There is a stability of the magnitude over the test time. The magnitude value is practically constant, except for t = 30 min where a sudden change happens. This is an important result because stability is a desirable feature in all measurement processes, particularly when a long term measurement is required. This property is largely a consequence of the normalization process, when the echo returned from the aluminum-acrylic interface is used as a constant reference. The normalization technique was applied successfully in previous works [2][8], where additional information can be found.

The phase results plotted in figure 3(b) also show a sudden change at min. However, the phase is strongly time dependent and its value increases with the acquisition time in an apparently linear way. This results show the phase is not interesting for contamination monitoring, as suspected. Nevertheless, the phase can be useful for the temperature monitoring of the water.

Water temperature monitoring is possible by a simple calibration of the measurement cell. In the experiment, the temperature was measured at the beginning (22.6°C) and at the end (23.5°C). This temperature variation of 0.9°C was responsible for a phase variation of about 15°, suggesting an approximated sensitivity of 17° degrees per Celsius degree. In an interesting work [10], this approach was used for the simultaneous measurement of viscosity and temperature of melts.

The adherence of oily substances to surfaces is the mechanism that allows the measurement. Oil drops traveling in the water reach the solid surface forming a thin layer that can be detected. Although the level of contamination could not be estimated, the experimental results suggest the technique can at least detect the presence of contamination. The disadvantage of not being able to determine the contamination level could be overcome by using the oil accumulation rate. That is, the level of contamination could be related to the time required to reach a measurable change on the magnitude (r).

By using equations (1) to (4) and the material properties reported in section 3, the magnitude and phase of the reflection coefficient for the SAE 40 oil, assuming Newtonian behavior, can be obtained. For a temperature of 23.0°C and frequency of 1 MHz, the magnitude and phase expected values are and respectively. From figure 3, the obtained magnitude is approximately . The phase shift at min is difficult to be exactly determined, but clearly this value is greater than 5°. In conclusion, the measurement cell finds the fluid to be more viscous than it actually is. This unexpected behavior improves the sensitivity and it is an interesting result that deserves a more detailed study.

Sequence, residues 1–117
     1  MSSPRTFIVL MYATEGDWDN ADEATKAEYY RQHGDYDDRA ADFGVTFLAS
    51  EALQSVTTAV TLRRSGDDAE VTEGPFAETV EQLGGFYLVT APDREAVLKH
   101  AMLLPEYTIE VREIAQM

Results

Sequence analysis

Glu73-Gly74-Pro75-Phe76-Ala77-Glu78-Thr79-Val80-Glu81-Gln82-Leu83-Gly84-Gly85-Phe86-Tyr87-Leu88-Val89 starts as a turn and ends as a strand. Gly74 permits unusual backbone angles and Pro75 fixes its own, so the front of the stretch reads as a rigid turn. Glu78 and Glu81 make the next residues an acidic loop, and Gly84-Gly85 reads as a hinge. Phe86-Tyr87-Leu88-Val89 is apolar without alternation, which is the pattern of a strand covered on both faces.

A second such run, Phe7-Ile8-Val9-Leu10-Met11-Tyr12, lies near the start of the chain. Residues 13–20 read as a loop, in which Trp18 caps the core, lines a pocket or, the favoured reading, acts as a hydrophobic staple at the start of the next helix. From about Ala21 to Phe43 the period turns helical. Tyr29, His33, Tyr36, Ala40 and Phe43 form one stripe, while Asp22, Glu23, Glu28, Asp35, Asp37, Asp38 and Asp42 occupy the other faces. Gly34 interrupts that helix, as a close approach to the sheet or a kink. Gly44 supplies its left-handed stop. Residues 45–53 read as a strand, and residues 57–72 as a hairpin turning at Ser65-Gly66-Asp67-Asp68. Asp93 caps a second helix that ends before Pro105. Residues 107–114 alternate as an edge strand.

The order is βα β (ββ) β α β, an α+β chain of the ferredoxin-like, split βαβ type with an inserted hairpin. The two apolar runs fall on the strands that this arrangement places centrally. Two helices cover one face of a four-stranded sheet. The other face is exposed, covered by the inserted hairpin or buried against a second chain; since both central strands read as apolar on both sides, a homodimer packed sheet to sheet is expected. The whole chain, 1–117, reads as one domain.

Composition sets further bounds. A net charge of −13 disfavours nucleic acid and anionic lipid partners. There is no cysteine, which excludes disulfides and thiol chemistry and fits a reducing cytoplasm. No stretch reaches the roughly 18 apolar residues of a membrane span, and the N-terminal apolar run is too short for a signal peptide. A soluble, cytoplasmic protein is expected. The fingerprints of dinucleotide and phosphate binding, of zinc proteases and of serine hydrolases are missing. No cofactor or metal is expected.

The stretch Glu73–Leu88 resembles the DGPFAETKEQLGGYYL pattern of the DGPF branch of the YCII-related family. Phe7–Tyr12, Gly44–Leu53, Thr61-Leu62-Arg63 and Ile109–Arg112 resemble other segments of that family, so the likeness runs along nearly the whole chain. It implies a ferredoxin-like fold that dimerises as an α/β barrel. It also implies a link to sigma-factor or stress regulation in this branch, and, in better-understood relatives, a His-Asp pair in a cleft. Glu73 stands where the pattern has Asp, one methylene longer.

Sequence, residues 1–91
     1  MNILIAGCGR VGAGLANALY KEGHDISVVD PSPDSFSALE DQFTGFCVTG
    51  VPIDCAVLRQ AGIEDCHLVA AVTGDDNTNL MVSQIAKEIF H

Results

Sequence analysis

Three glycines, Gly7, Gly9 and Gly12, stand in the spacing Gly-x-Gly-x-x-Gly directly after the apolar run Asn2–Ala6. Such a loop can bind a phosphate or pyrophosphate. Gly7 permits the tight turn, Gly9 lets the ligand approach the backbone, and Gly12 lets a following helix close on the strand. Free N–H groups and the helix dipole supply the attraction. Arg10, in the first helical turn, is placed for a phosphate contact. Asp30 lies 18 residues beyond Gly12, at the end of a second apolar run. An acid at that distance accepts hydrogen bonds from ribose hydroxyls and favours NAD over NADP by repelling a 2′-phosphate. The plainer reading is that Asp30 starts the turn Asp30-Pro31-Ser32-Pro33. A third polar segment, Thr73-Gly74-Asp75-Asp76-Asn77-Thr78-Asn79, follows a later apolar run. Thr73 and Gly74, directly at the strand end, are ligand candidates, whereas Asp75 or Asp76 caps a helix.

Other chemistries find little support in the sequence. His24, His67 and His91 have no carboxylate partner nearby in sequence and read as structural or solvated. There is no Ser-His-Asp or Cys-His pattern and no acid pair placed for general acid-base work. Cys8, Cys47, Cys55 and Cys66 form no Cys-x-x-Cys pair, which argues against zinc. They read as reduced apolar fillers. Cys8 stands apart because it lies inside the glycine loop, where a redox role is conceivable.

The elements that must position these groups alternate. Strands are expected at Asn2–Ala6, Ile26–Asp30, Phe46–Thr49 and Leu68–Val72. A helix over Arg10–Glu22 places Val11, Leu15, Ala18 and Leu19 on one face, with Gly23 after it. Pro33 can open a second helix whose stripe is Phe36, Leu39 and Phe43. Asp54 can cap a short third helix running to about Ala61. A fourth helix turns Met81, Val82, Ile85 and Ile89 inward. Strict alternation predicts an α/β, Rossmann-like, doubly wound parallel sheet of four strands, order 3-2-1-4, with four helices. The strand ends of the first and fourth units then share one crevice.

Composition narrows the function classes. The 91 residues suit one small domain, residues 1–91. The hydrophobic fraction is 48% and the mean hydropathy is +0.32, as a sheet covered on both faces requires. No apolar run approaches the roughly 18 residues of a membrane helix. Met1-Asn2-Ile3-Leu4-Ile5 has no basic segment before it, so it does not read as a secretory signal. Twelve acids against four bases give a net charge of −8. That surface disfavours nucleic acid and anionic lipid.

5. CONCLUSIONS

The methodology proposed has potential for the detection of oily contaminants in water. Both quantities, the magnitude and phase of the reflection coefficient, showed the expected change when 5 ml of SAE 40 oil was incorporated into the water, namely, a contamination of 0.5% in volume of SAE 40 oil in water was detected successfully.

The magnitude showed a stable behavior during the test time (150 minutes). This suggests its suitability for longtime monitoring. Taking into account the variation of 0.9°C during the test, it can be concluded that the magnitude is further independent on temperature. In contrast, the phase exhibits an important variation during the test time due to the temperature variation. This behavior is expected due to the strong temperature dependence on the propagation velocity and, consequently, the phase is not useful for monitoring of contamination. Nonetheless, as the phase shift is proportional to temperature, it can be used for temperature monitoring of the water.

For a better understanding and for the evaluation of possible practical applications, additional experimental results are required. It is important to determine the minimum amount of oil that could be detected, the influence of the wave frequency and the stability in longer test times. Equally important is the evaluation of temperature monitoring using the phase of the reflection coefficient.

 

REFERENCES